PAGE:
A shipyard may turn out seaworthy craft in record time and be the pride of the nation though two shipfitters played hookey. The rest of the workers, including the designers, made tip for the hookey so honorably that the net result was rousing. The able and industrious workers atone for the sins of the hookey-players. The slackers may be taken through a training course and may become as conscientious and efficient as the best without even knowing very clearly how they were before. They have been saved by their betters.

On the football field it is, of course, a bit different in that a critical public is usually armed with spoiled tomatoes, rotten eggs and empty coca-coca bottles and let the off-key players have it. Even so, the net play may turn out well in spite of the unfortunate targets.

Since the shipyard and the football field are nothing but true reflections of the Spirit World, the rules and the laws are the same. The group as a whole has to reap as it sowed, but not always the individuals - who may be saved by the grace and wish of those ahead.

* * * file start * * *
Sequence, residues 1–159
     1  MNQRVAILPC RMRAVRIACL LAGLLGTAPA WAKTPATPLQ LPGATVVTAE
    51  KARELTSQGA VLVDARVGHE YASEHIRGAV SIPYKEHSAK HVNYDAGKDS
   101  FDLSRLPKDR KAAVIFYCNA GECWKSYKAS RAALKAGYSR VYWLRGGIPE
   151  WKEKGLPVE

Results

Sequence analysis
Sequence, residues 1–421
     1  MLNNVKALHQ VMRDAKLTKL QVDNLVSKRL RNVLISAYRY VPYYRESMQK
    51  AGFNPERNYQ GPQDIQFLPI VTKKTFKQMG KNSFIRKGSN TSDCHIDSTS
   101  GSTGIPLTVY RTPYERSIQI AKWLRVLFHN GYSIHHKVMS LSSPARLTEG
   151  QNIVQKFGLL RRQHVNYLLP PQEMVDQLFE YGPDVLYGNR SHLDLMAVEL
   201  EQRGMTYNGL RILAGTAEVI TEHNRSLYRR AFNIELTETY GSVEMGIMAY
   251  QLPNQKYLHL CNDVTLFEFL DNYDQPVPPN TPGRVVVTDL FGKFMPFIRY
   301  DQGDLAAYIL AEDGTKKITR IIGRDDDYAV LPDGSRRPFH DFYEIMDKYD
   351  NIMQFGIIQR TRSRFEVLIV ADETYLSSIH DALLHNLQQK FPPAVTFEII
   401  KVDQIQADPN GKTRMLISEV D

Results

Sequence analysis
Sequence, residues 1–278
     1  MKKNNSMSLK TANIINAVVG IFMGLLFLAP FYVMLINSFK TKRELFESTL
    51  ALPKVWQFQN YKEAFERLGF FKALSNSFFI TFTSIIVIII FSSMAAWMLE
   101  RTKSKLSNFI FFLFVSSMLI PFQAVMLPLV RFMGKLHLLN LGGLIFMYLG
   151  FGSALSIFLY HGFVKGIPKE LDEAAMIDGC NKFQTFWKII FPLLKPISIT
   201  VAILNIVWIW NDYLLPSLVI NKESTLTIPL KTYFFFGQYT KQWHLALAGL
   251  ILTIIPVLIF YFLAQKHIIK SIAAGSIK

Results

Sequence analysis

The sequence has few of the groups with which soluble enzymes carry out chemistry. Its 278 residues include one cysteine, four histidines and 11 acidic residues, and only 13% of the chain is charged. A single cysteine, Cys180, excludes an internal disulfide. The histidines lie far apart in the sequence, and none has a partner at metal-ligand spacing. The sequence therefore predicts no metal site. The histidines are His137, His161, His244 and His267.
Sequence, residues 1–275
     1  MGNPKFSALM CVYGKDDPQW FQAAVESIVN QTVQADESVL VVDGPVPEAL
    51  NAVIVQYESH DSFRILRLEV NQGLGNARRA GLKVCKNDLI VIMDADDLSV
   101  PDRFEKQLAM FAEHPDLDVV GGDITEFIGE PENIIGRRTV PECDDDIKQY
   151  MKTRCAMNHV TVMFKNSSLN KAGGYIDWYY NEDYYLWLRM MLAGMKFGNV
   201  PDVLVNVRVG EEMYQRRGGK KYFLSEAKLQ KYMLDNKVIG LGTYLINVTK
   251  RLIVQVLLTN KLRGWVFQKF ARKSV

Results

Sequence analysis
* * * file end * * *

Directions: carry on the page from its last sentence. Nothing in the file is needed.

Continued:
What are prayers? Asking favors? To some they are just that. Others live their lives in constant prayer although they want no favors, they think of nothing but giving. To such, a prayer is tuning the mind and heart to the vibrations of the Spirit. Prayer is leading one's thoughts and emotions along a certain path. Then one may wish to stop at choice points of beauty and take in the view. This is called meditation or contemplation. There is no agreed difference between these two words although some consider meditation more or less haphazard thinking as compared to the more concentrated attention which they term contemplation. Concentration these same people define as focusing your thought - on anything. When you focus on God or any religious concept, then, only, they say, do you meditate or contemplate. All three activities lift the mind and heart above the daily chores, worries, fears or grudges, and make one receptive to inspiration.